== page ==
Republicans to Retain Control of House of Representatives

WASHINGTON, DC - NOVEMBER 08: The Capitol Building is pictured on November 8, 2016 in Washington, DC. Americans today will choose between Republican presidential candidate Donald Trump and Democratic presidential candidate Hillary Clinton as they go to the polls to vote for the next president of the United States. (Photo …
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WASHINGTON, Nov. 8 (UPI) — Republicans will maintain at least a foothold in the federal government by retaining their majority in the U.S. House of Representatives, though control of the Senate is still too early to call.

It remains unclear what the GOP majority will be in the House, but NBC News was first to report they will at least remain in the majority and it is likely Speaker Paul Ryan will remain in that leadership roll to begin 2017.

In the battle for the Senate, two of the nine races most likely to decide control have been called, one for Republicans and one a pickup for the Democrats — the first of five they will need to win an outright majority.

GOP Sen. Marco Rubio won re-election to his seat in Florida, a race he entered late, only after his presidential campaign faltered.

And Tammy Duckworth, the Democratic Illinois congresswoman, defeated incumbent GOP Sen. Mark Kirk in a race that was widely predicted would hand Democrats one of the seats they were looking for.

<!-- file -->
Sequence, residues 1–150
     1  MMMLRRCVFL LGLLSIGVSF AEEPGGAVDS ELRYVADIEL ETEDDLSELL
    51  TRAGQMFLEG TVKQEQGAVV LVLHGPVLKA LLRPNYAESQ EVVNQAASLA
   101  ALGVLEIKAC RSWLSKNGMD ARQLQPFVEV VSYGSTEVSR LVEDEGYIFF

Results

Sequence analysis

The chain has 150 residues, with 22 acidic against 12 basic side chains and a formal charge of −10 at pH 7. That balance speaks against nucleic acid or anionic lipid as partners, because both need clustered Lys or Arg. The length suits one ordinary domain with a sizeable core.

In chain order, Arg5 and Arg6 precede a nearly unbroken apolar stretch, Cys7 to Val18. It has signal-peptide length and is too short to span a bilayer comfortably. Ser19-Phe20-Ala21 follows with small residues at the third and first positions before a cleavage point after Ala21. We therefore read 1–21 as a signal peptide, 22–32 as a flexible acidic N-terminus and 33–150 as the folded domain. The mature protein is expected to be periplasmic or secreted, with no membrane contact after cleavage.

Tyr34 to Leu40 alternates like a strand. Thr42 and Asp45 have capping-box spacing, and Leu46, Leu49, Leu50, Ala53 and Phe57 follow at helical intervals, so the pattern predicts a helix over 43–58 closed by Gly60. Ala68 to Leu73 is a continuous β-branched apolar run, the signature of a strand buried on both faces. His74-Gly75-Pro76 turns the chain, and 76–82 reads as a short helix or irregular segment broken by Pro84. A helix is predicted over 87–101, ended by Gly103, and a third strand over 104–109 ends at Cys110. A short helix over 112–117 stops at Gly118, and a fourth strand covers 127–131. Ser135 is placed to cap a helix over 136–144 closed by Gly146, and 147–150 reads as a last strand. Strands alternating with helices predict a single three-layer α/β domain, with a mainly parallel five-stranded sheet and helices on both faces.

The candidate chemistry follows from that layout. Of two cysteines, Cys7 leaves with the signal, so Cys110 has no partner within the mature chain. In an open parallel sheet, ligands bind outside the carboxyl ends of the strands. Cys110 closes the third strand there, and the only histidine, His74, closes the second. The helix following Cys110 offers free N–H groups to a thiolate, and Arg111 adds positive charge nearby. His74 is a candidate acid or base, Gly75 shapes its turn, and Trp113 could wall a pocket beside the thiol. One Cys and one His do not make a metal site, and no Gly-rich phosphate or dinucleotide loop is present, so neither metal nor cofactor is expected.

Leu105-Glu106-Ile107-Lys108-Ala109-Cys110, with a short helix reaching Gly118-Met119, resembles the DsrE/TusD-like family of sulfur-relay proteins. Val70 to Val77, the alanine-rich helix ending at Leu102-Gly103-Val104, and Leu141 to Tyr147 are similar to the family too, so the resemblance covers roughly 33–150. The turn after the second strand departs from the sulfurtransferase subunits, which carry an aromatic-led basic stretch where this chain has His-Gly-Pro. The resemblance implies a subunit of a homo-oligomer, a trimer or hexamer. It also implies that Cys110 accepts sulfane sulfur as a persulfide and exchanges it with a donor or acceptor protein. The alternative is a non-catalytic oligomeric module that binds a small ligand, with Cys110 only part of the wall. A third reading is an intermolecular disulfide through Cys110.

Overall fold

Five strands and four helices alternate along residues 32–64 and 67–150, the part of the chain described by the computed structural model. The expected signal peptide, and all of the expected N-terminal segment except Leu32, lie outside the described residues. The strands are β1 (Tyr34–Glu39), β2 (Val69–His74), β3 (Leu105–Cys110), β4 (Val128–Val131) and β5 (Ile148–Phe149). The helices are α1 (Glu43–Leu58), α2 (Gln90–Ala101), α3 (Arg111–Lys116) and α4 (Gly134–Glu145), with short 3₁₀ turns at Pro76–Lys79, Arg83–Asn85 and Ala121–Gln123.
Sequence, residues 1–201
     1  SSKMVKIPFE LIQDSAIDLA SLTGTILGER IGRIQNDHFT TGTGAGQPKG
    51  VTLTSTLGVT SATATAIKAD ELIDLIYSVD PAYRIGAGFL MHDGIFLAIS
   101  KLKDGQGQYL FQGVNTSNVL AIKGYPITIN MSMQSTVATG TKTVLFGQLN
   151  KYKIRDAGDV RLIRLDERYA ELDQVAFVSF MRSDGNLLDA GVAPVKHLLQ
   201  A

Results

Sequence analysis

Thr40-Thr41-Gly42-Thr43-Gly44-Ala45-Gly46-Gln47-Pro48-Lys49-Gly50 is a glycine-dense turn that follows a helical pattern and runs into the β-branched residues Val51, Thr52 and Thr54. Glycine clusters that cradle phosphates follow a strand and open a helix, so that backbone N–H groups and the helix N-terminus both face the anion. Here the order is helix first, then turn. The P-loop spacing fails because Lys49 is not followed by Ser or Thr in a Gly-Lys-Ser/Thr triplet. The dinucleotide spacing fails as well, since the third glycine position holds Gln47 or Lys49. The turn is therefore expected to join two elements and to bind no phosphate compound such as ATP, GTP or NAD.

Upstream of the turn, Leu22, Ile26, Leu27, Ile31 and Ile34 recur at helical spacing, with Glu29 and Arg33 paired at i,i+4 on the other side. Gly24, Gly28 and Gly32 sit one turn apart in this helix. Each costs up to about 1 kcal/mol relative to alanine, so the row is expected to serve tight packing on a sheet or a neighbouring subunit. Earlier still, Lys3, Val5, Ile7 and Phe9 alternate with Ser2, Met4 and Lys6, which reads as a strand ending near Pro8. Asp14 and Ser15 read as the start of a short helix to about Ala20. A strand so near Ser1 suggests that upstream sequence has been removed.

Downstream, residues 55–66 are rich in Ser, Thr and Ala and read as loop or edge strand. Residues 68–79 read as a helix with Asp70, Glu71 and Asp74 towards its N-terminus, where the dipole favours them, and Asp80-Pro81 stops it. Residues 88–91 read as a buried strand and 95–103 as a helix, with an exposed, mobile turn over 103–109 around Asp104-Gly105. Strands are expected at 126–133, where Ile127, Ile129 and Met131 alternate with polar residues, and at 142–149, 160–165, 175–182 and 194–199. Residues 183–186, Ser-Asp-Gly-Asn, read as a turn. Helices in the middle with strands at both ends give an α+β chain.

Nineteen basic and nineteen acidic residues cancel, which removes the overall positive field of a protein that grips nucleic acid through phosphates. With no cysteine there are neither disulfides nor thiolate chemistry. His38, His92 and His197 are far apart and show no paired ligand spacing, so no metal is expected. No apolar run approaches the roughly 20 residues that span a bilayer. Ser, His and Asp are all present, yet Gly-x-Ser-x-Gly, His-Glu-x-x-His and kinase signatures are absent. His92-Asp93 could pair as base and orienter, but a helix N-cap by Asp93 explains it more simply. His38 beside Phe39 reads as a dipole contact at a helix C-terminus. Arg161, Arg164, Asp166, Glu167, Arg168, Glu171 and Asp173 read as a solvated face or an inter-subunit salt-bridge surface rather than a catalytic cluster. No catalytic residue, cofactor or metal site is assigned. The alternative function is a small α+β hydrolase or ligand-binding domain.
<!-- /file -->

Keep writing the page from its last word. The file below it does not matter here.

The map for the Senate favored Democrats this year, with all but one of nine seats most likely to decide the balance being held by Republicans.

The nine races where a seat is open or most likely to change hands were in New Hampshire, Pennsylvania, North Carolina, Illinois, Wisconsin, Missouri, Nevada, Florida and Indiana. Of that group, seven seats belong to Republican incumbents trying to hang on. Only two are open seats, Indiana and Nevada. The only one in Democratic hands presently is Nevada, where Senate Minority Leader Harry Reid is retiring.

Coming into Tuesday, the House seemed a much safer bet for Republicans — and the election night tallies proved true. The GOP held an enormous 59-seat advantage coming into Tuesday. The non-partisan Cook political report listed 18 seats as pure tossups, not enough to flip control of the chamber to Democrats, even if they ran the table in all of them.


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